NEMA: Stands for “National Electrical Manufacturers Association”. In the cabling world, a NEMA connector is part of a group of standards referring to power plugs and receptacles used in North America. The power outlet used the most in the United States is the NEMA 5-15R. NEMA 5-15P is the male version that would be found on power cords.
OD: The abbreviation for the “outside diameter” dimension that is used to measure the diameter of a cable. In general, as the wire gauge increases, so does the cable OD. The thickness and the material that makes up the cable jacket can also affect the overall cable OD. All cable and wire specs will include the OD as part of the detail on cable drawings. When planning an installation with conduit, it is especially important to know the OD of a cable, in the case that the conduit is running narrow and the cable may not fit properly.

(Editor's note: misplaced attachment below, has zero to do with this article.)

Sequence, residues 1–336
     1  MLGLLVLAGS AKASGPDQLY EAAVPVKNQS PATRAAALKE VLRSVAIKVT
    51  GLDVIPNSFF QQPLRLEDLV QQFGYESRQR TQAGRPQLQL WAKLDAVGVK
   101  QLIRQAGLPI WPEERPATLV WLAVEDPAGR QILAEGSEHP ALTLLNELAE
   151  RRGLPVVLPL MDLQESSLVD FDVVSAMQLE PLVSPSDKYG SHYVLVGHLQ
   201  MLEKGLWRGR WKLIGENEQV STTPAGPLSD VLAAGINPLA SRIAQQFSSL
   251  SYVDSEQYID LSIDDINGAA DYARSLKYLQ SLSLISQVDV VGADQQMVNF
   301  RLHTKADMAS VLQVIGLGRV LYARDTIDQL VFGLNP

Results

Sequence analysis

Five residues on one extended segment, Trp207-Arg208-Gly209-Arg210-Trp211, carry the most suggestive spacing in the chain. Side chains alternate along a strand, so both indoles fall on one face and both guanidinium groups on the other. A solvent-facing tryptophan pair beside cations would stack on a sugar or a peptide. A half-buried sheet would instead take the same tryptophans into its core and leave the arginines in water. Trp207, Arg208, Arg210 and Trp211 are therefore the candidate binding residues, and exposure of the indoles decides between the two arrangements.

Plenum: These cables are to be used in the “plenum” area of a building, which is within a raised flooring area (such as air ducts) or wherever air circulates through the building. In order for a cable to obtain a “plenum” rating, the cable must have a fire-retardant jacket made out of a non-flammable material. Plenum cables will not emit toxic smoke if exposed to fire, and will not reignite themselves after self-extinguishing. You will typically find plenum ratings used in network, security, fire alarm and coax video cables. Also see: “CMP”